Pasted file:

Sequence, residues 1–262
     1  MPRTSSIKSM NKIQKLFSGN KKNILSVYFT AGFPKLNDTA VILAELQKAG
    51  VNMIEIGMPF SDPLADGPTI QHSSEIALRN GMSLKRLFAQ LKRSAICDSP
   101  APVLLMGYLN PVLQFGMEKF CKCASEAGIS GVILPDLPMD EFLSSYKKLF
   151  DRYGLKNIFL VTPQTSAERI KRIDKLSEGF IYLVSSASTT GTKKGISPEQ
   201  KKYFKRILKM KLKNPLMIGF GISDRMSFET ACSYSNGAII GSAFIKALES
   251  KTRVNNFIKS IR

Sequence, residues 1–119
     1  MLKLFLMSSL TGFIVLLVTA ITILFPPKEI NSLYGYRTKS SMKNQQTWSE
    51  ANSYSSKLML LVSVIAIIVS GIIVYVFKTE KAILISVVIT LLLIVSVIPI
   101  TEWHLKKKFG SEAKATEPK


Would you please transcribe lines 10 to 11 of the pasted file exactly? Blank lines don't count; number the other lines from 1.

    51  ANSYSSKLML LVSVIAIIVS GIIVYVFKTE KAILISVVIT LLLIVSVIPI
   101  TEWHLKKKFG SEAKATEPK